Reich & Freud Revisited: Conversations with Dr. Charles Konia was presented with short segments of videotape from the filming of the 2014 staged reading interspersed with more explanatory commentary by Dr. Konia.
ACO Movie Night continued on Saturday, July 23 at 7:00PM at the ACO's campus in Princeton, NJ, with Race, based on the incredible true story of Jesse Owens. Medical orgonomists Jackie Bosworth, M.D. and Susan Marcel, D.O. led the group discussion after the movie.
Dr. Bosworth and Dr. Marcel share some of their thoughts about the film.
What in particular do you think we will be discussing following the showing of Race?
Dr. Bosworth: "What's so interesting about Race and something that I'm sure we'll be talking about is that it's centered around a unique set of circumstances that existed in Nazi Germany prior to World War II -- with Hitler presenting the Olympics as an opportunity to prove Aryan superiority before the world. The film depicts Jessie Owens' path to those Olympic Games as well as the conflict with his own racial identity, this in the context of others telling him what he should do: Should he participate in the 1936 Olympics in Berlin or should he give up all that he had worked for and support a boycott favored by a consensus that included the NAACP?
Then, after winning four gold medals, the harsh reality for Jesse Owens was that American President FDR didn't invite him to the White House when he returned to the U.S. and never called, sent him a congratulatory telegram or publicly acknowledged his Olympic victories. Ironically, while in Germany at the Olympics, Owens was allowed to room and eat with white athletes and Germany's top Olympic athlete, Carl "Luz" Long, befriended him. In stark contrast, back in New York, at a dinner in his honor at the Waldorf Astoria, Owens had to use the freight elevator to get upstairs. Owens, himself, believed the whole point of the Olympic Games was that they should be devoid of politics, and that athletes should participate and bond despite race and the circumstances that existed at the time."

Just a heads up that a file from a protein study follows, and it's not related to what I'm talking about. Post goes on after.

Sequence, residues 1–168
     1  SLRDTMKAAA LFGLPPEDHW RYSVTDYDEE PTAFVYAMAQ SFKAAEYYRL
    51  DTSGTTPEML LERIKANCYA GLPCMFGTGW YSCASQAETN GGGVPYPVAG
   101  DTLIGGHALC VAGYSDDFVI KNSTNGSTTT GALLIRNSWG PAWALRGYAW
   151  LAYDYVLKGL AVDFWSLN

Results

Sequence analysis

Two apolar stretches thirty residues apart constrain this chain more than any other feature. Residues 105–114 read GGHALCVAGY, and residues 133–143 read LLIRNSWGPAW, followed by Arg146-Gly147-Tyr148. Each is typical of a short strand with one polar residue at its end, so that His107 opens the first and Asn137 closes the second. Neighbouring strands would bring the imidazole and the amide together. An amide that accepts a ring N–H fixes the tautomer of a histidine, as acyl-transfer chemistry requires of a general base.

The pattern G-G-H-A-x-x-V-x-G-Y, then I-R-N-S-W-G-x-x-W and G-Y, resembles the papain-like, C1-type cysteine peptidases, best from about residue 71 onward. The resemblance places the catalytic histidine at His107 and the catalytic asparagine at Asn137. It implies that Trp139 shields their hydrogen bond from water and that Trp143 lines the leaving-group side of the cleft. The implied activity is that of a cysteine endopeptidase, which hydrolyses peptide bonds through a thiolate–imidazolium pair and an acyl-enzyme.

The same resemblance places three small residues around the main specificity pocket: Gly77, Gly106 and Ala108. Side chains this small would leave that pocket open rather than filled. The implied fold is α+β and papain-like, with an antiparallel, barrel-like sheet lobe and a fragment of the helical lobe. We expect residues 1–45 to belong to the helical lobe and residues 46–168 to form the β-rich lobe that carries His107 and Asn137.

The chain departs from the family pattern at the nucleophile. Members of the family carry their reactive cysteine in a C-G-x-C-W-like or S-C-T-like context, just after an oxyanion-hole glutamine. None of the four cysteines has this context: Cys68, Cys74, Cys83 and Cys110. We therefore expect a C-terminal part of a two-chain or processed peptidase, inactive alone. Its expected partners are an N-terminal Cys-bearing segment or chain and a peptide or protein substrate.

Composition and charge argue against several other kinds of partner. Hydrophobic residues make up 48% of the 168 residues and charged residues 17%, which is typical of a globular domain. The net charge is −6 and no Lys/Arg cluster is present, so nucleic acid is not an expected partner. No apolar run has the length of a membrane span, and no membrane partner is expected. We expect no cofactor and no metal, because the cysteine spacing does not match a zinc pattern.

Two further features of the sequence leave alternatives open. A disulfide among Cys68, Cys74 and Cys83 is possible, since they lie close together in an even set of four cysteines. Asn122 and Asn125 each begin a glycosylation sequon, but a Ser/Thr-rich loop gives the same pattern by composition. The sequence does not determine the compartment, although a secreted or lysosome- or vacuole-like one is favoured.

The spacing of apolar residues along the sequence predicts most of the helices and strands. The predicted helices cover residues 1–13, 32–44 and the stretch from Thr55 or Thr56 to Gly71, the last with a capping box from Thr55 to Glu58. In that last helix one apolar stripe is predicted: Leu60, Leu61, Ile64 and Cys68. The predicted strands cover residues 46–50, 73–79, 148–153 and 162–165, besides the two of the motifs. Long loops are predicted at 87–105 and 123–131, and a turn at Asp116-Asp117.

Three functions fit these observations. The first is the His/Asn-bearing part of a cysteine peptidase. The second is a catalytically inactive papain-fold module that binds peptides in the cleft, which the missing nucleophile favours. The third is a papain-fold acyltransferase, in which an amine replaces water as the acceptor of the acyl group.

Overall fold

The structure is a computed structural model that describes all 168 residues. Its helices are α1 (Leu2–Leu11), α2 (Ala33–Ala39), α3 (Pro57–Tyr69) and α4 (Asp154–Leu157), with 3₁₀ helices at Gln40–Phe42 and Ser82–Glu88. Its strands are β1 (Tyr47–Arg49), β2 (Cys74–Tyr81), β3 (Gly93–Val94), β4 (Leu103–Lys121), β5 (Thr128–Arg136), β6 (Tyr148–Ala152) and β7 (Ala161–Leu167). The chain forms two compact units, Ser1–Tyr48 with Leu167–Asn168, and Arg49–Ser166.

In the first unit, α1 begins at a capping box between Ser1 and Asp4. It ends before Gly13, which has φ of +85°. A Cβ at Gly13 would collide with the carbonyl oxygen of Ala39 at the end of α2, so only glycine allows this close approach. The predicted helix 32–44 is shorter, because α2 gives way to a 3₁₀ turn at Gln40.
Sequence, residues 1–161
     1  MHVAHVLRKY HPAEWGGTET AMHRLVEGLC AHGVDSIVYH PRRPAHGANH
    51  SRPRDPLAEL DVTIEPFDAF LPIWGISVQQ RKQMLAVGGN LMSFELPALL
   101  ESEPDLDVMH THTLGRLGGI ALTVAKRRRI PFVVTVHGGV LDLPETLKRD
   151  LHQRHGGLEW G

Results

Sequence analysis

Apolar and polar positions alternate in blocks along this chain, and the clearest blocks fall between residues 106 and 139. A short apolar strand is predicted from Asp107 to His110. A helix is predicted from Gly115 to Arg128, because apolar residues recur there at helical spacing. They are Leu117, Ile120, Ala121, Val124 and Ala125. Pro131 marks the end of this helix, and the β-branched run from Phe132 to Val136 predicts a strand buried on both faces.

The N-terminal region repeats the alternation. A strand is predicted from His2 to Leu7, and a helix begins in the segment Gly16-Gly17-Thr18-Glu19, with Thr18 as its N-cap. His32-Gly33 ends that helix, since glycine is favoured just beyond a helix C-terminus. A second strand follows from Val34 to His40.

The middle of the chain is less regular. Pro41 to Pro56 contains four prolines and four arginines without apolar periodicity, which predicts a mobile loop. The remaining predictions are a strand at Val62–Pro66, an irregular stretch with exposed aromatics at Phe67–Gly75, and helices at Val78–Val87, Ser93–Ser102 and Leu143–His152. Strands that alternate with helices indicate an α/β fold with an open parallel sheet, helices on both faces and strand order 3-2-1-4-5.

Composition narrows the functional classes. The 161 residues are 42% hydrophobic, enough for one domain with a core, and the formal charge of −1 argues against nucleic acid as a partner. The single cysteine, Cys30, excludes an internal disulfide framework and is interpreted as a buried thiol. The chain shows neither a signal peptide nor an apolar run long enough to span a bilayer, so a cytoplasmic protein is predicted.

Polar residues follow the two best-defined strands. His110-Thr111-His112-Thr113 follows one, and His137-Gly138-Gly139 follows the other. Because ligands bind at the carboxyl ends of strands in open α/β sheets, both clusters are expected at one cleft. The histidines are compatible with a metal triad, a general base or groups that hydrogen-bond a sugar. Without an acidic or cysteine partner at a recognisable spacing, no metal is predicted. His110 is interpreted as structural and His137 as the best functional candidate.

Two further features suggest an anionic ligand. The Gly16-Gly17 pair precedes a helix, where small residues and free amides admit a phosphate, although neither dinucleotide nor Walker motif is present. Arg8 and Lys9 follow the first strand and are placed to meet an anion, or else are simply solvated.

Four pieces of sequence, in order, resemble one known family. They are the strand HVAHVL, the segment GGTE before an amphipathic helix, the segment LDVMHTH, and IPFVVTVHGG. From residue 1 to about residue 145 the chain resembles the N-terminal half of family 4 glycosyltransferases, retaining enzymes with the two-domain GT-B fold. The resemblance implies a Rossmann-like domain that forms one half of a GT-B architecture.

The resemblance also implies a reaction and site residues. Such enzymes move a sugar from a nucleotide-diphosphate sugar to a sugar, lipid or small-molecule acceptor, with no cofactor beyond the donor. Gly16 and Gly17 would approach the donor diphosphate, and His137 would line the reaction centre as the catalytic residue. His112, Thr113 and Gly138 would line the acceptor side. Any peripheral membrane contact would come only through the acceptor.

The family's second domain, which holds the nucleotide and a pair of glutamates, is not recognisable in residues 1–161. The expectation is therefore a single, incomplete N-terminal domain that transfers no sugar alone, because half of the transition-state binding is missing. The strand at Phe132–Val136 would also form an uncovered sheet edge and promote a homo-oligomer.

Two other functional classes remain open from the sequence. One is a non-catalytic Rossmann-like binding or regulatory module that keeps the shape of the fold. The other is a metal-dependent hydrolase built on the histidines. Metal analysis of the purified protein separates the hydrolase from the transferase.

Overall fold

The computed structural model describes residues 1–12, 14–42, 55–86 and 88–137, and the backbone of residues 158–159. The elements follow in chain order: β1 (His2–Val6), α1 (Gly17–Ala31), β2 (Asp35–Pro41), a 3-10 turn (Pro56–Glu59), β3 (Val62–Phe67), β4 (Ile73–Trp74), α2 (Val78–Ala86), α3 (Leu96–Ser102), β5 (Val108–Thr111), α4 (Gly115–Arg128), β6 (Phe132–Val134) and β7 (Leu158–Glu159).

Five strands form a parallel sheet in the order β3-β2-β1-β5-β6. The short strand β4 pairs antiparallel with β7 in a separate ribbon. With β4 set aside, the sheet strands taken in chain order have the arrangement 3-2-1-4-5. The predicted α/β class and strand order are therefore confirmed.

Dr. Marcel: "Race is also a moving, compelling drama about life, love, and relationships, especially between lovers, fathers and sons, and among families, teams and communities. It is a story of complex choices and having the courage to make them even against great adversity."
How do you see Race connecting with society today?
Dr. Bosworth: "What went on during that time period mirrors modern day ongoing struggles for the truth when motives are masked and events and media coverage are "managed" to support a destructive ideology and agenda. The pivotal thing for me is that Race deals with an ever-present worldwide, socio-political reality, prejudice and discrimination, a symptom of humanity's scourge, the emotional plague and its devastating effects on all of us, something I trust we'll discuss. In the face of evil there are certainly acts of bravery: Jesse Owens participation in and victories at the 1936 Olympics stand out. At one point in the movie, Jesse Owens says that he is completely free for those ten seconds that he's running: free from bigotry, race, everything. In Dr. Konia's book, "The Emotional Plague," he describes and unmasks the emotional plague and the existence of evil. Race touches the tip of this iceberg."